• Cyclophosphamide versus etoposide in combination with total body irradiation as conditioning regimen for adult patients with Ph-negative acute lymphoblastic leukemia undergoing allogeneic stem cell transplant: On behalf of the ALWP of the European Society for Blood and Marrow Transplantation.

      Czyz, A; Labopin, M; Giebel, S; Socié, G; Apperley, J; Volin, L; Reményi, P; Yakoub-Agha, I; Orchard, K; Michallet, M; et al. (2018-03-25)
      Allogeneic hematopoietic cell transplantation (alloHCT) with myeloablative conditioning based on total body irradiation (TBI) is widely used for the treatment of adults with acute lymphoblastic leukemia (ALL). TBI is most frequently administered in combination with either cyclophosphamide (Cy/TBI) or etoposide (Vp/TBI). The goal of this study was to retrospectively compare these two regimens. Adult patients with Ph-negative ALL treated with alloHCT in first or second complete remission who received Cy/TBI (n = 1346) or Vp/TBI (n = 152) conditioning were included in the analysis. In a univariate analysis, as compared to Cy/TBI, the use of Vp/TBI was associated with reduced incidence of relapse (17% vs. 30% at 5 years, P = .007), increased rate of leukemia-free survival (60% vs. 50%, P = .04), and improved "graft versus host disease (GVHD) and relapse-free survival" (GRFS, 43% vs. 33%, P = .04). No significant effect could be observed in terms of the incidence of nonrelapse mortality or acute or chronic GVHD. In a multivariate model, the use of Vp/TBI was associated with reduced risk of relapse (HR = 0.62, P = .04) while the effect on other study end-points was not significant. In conclusion, conditioning regimen based on Vp combined with TBI appears more effective for disease control than the combination of Cy with TBI for adult patients with Ph-negative ALL treated with alloHCT.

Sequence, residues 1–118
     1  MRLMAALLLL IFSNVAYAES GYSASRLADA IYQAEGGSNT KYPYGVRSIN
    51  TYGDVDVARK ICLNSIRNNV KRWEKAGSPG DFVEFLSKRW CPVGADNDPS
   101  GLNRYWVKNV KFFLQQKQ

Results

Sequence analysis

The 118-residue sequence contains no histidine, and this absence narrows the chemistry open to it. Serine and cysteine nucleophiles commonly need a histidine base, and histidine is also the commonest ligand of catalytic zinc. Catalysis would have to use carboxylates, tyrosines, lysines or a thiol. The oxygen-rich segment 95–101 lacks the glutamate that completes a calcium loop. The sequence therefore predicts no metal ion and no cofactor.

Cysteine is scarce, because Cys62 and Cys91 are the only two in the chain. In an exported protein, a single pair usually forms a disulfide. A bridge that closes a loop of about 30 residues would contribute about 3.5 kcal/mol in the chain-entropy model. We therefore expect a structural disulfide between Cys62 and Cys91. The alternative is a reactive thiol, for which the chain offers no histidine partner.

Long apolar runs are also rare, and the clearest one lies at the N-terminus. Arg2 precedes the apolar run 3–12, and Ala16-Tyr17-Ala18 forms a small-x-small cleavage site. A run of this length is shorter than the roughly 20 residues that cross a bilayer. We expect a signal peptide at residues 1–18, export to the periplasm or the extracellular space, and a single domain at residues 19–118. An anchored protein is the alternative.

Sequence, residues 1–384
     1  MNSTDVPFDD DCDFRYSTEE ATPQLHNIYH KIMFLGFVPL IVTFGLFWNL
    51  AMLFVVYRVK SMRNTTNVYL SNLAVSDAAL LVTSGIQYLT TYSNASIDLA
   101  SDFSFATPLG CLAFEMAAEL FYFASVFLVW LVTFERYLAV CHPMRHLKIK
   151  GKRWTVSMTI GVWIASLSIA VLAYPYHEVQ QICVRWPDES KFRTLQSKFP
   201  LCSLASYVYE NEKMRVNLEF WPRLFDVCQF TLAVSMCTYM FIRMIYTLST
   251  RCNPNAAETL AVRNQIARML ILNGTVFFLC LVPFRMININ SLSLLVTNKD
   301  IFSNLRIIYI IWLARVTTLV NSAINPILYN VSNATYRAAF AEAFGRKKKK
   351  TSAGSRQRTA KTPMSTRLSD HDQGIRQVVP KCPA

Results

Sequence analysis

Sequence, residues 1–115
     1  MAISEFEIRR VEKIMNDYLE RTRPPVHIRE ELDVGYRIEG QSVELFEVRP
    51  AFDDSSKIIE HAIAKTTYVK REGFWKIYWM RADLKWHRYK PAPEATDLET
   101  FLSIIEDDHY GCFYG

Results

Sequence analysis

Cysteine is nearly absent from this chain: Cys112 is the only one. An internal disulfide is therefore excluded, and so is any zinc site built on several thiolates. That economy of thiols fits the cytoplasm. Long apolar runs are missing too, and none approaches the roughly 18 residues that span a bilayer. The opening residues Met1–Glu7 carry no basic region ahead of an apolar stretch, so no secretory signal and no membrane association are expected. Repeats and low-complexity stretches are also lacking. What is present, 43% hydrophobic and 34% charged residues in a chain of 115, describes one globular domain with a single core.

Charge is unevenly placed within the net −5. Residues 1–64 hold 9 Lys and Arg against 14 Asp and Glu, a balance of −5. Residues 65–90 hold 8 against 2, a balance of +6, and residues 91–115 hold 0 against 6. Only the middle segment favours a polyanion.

• Cyclophosphamide versus ifosfamide: final report of a randomized phase II trial in adult soft tissue sarcomas.

      Bramwell, Vivien H C; Mouridsen, H T; Santoro, A; Blackledge, G; Somers, R; Verwey, J; Dombernowsky, P; Onsrud, M; Thomas, D; Sylvester, R (1987-03)
      Ifosfamide (IFOS) 5 g/m2 and its parent analog Cyclophosphamide (CYCLO) 1.5 g/m2 were studied in a randomized phase II study, accruing 171 patients with advanced soft tissue sarcoma. Both drugs were administered as 24 hr infusions, every 3 weeks, with comcomitant Mesna 400 mg/m2 i.v. bolus 4 hourly X 9 doses. Twenty-four patients were ineligible and 12 were not evaluable. The groups were well matched for age, previous chemotherapy (42% of the total) or radiotherapy, the presence of distant metastases and performance status, but there were more females (59% vs. 45%) in the IFOS arm. Among the 68 evaluable patients receiving IFOS, there were 2 CR, 10 PR (overall response 18%), 27 SD and 29 PD. For CYCLO, the corresponding results in 67 patients were 1 CR, 4 PR (overall response 8%), 23 SD and 39 PD. Using the chi-square test the P values for response rate and linear trend were 0.13 and 0.04 respectively. Response rates were higher for females (20% vs. 5%, P = 0.01) and patients who had not received previous chemotherapy (19% vs. 4%, P = 0.01). Fourteen of the 17 responses came from a group of 43 females, who had not received previous chemotherapy, for whom the overall response rate was 37.5%. Remissions were noted in only 4 histological subtypes (centrally reviewed material), i.e., 5 of 17 synovial sarcomas, 7 of 13 mixed mesodermal sarcomas and 2 of 7 fibrosarcomas. One of the 31 leiomyosarcomas responded to Cyclophosphamide. Durations of response did not differ significantly between the 2 arms--median 26, range 10-81+ weeks. Leucopenia was significantly more severe on CYCLO, particularly in patients who had received previous chemotherapy (P = 0.007). Serious infections occurred in approx. 7% of patients with no difference between the two drugs, although there was one toxic death on CYCLO. Nausea and vomiting were significantly worse on IFOS and alopecia, related in extent to dose, was seen in both arms. Other side-effects, such as hematuria or rises in serum creatinine and encephalopathy, were infrequent and mild. A higher response rate with less myelosuppression suggests that IFOS may have advantages over CYCLO in combination therapy.
    • Cyclophosphamide versus ifosfamide: preliminary report of a randomized phase II trial in adult soft tissue sarcomas.

      Bramwell, Vivien H C; Mouridsen, H; Santoro, A; Blackledge, G; Somers, R; Thomas, D; Sylvester, R; Van Oosterom, A (1986)